Marketing to Millennials: 5 Tips

January 10, 2017

You can’t completely pigeonhole them, but you can tailor some of your marketing efforts toward their common characteristics.

They’re a diverse group of many tens of millions, born between roughly 1980 and 2000. Many of them grew up with the internet, smartphones, and social media, which remain their primary tools for communications and entertainment, personal and professional tasks.

One of those tasks is shopping for products and services. If your business produces and/or sells anything that might capture the interest of millennials, it’s important that you acknowledge them in your marketing plans. Here are some ways you can better appeal to the under-40 crowd.

Get them involved from the start.

If you have Gen Y’ers on your staff, they should be included in the product/service development process as early as possible. You might even ask for input on your marketing plans themselves.

If you’re heavy on over-40 employees, try to set up in-person or virtual focus groups to comment on your offerings, whether they’re currently available or in development. People typically get paid for their time for providing such feedback, so be prepared for that.

Be mobile-friendly whenever possible.

It’s probably not news to you that millennials live for their smartphones. If they’re shopping for an item and they come across a site that hasn’t been optimized for mobile, they’re likely to move on to a competitor. It’s obvious when you encounter a site on your phone that isn’t mobile-friendly: It looks like a miniature version of the full website, and is difficult-to-impossible to use.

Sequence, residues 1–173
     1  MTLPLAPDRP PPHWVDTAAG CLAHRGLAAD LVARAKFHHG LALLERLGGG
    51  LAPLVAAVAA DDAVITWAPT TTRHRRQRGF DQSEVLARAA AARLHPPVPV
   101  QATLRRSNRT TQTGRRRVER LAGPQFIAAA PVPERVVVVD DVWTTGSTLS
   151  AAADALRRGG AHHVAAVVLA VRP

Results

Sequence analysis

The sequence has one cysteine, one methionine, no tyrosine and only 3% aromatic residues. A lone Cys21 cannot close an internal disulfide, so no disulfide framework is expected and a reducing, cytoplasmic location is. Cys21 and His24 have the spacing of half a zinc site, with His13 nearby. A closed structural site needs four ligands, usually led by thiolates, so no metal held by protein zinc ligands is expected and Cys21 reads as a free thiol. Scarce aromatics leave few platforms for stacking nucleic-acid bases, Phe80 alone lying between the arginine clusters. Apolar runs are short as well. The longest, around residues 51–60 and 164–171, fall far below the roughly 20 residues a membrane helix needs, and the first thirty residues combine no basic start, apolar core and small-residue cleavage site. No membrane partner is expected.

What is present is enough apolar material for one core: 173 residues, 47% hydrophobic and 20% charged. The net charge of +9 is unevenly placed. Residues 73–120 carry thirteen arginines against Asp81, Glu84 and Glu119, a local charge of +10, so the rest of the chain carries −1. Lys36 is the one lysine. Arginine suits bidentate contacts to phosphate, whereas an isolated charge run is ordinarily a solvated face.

Responsive design is the name of the set of tools that web designers employ when they need to build a site across multiple platforms. If you’ve been creating and designing your own website and you don’t know how to proceed with this, you might consider bringing in a consultant. Mobile is that important.

Be authentic.

Twitter, Facebook, and other online venues have made it possible for millennials to get up close and personal with celebrities and other public figures. That curiosity about high-profile people carries over to their purchasing decisions. Don’t be afraid to reveal honest, behind-the-scenes insight into your company’s personalities, values, and corporate culture.

Don’t eschew criticism.

This should be true with all your customers, but especially millennials. Social media and other cultural phenomena have made candor more acceptable than ever. Gen Y grew up with this mindset. So use your online networks to listen to them and consider their feedback.

Cultivate them as long-term prospects.

Millennials are brand-conscious, and loyal to the companies that “get” them. Even if you can’t make a sale today, your appeal to them may turn into revenue someday – as long as you stay true to the principles and product quality that attracted them in the first place.

Putting people in a box just because they share a birthday can lead to over-generalization and perhaps unfair characterizations. Still, understanding some of the common threads that run through the lives of the millions of individuals we call “millennials” can help you focus your marketing efforts in ways you hadn’t considered.

Stock images courtesy of FreeDigitalPhotos.net

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